Oregon Financial Elder Abuse Claims

Elder abuse is a widespread and growing problem.  The National Council On Aging (NCOA) reports that as many as 1 in 10 Americans over the age of 60 have fallen victim to some form of abuse, whether physical, emotional, or financial.  Sadly, only about 1 in 14 victims ever actually report the abuse.

For obvious reasons, physical elder abuse poses the greatest danger to our seniors.  It often requires immediate intervention by law enforcement and state and local protective agencies.  If you or someone you know is suffering or has suffered serious physical abuse that may be life-threatening call 911.  For non-life threatening situations, call your local police office’s non-emergency line or the Oregon Department of Human Service’s toll-free reporting line: 1-855-503-SAFE (7233).

Financial elder abuse can be almost as devastating.  Every year, elders suffer $2.9 billion in losses due to scams, theft, and other financial fraud.  The abuse takes many forms, including door-to-door sales scams, online phishing, and unauthorized bank withdrawals or property transfers by trusted family-members or professionals.  For more information on how to recognize and respond to financial elder abuse (or physical elder abuse), check out Adult Abuse Prevention and Investigations webpage of the Oregon Department of Human Services: http://www.oregon.gov/DHS/SENIORS-DISABILITIES/ADULT-ABUSE/Pages/index.aspx.

In addition to reporting financial abuse to the proper authorities, an Oregon senior who has been financially abused can seek recourse in civil court under some of the toughest financial elder abuse statutes in the country.  These laws, ORS 124.100 to 124.140, entitle anyone over 65 who has suffered a “wrongful taking” of money or property to an award of three times the economic and non-economic damages incurred, plus attorney’s fees, interest, and court costs (which include the costs associated with appointing a guardian for the litigation).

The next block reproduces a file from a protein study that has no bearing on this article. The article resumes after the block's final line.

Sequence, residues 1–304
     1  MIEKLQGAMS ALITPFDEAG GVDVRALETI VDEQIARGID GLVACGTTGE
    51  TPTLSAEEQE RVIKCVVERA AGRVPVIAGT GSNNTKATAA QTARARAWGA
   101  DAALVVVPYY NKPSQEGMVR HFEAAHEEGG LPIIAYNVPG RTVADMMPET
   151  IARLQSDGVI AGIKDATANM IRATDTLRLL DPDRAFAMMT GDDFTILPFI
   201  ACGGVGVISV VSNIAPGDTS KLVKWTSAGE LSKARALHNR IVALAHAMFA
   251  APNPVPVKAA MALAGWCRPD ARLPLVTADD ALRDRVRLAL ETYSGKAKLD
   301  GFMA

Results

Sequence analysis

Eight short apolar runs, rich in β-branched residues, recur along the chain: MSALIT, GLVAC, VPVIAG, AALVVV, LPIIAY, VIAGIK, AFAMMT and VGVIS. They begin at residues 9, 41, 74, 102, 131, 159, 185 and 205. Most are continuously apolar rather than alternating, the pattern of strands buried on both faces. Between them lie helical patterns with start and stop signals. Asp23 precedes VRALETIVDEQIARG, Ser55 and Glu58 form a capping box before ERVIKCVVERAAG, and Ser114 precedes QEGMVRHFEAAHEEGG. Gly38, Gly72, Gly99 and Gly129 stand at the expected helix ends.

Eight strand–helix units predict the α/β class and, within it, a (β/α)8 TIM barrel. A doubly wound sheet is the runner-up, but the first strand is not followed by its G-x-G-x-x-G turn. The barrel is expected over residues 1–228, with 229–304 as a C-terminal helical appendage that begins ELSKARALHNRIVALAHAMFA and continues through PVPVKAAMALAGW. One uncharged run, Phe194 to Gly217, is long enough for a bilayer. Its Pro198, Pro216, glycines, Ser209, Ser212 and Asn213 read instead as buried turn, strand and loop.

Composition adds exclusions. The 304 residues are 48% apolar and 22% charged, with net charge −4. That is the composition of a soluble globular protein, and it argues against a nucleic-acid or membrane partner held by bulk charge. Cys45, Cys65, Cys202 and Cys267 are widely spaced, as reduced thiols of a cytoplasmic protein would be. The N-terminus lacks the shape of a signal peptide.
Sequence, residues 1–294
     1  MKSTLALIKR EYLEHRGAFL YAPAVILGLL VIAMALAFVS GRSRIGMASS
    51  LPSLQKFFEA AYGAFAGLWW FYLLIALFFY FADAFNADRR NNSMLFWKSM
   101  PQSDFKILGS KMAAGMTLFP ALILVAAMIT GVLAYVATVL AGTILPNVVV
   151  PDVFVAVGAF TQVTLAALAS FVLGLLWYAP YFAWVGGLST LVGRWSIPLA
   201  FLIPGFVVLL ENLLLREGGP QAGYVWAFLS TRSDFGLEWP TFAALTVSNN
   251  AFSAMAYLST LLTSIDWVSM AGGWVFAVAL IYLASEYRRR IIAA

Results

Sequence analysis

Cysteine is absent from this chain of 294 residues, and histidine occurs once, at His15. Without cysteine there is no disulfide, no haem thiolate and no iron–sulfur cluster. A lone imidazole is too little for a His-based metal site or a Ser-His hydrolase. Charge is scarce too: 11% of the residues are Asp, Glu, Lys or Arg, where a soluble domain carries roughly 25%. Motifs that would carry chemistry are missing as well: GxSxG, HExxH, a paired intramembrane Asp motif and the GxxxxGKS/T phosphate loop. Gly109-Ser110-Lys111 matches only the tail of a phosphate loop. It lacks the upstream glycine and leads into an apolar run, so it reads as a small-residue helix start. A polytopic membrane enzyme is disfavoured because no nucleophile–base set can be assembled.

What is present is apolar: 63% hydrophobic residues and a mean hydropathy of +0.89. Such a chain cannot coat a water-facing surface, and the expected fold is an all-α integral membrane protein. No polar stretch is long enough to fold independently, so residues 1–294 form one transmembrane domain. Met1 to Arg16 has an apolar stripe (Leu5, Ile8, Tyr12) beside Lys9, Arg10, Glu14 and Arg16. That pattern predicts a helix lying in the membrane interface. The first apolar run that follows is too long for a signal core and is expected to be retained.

To prevail on a claim for financial elder abuse, the victim (the plaintiff) must prove that the perpetrator (the defendant) not only took money or property, but that the taking was “wrongful.”  In the case of theft, there is no real dispute about whether that conduct is “wrongful.”  But things get trickier in the case of property and bank account transfers, such as when a family member makes withdrawals from an elder’s bank account by presenting the bank with a valid power of attorney.  Often, the defendant in such a case claims the taking was authorized by the plaintiff, or that the family member acted in the plaintiff’s best interests.  Questions about the plaintiff’s mental faculties, or legal capacity, become central, as do questions about the relationship between the plaintiff and the defendant, as well as the defendant’s intentions and state of mind.

The statutes do not define the term “wrongful taking,” but Oregon’s appellate courts have offered guidance on what kind of conduct the legislature had in mind.  In Church v. Woods, 190 Or App 112 (2003), the Oregon Court of Appeals held that a taking is “wrongful” based both on the defendant’s motives and the means by which property was taken.  So, a defendant must carry out the taking either with an improper motive (i.e., with an intent to financially harm or cheat the elder plaintiff) or by improper means (i.e., such as by tricking the elder plaintiff into signing a power of attorney form and then emptying the elder’s bank account).  In reality, these two separate concepts are just two alternative ways for the plaintiff to prove their case. If a plaintiff can’t convince a judge or jury that the defendant had evil in their heart (an improper motive), the plaintiff can still win by showing that the defendant acted improperly (improper means).

As you might expect, while Oregon’s financial elder abuse statutes provide victims with a powerful tool to obtain legal recourse, these cases are often complex and factually intensive.  Plaintiffs and their families must also sometimes navigate difficult issues involving mental capacity and the appointment of a guardian.  Victims or their loved ones who suspect financial elder abuse should contact experienced legal counsel at the earliest possible stage to have their case evaluated and their options fully explored.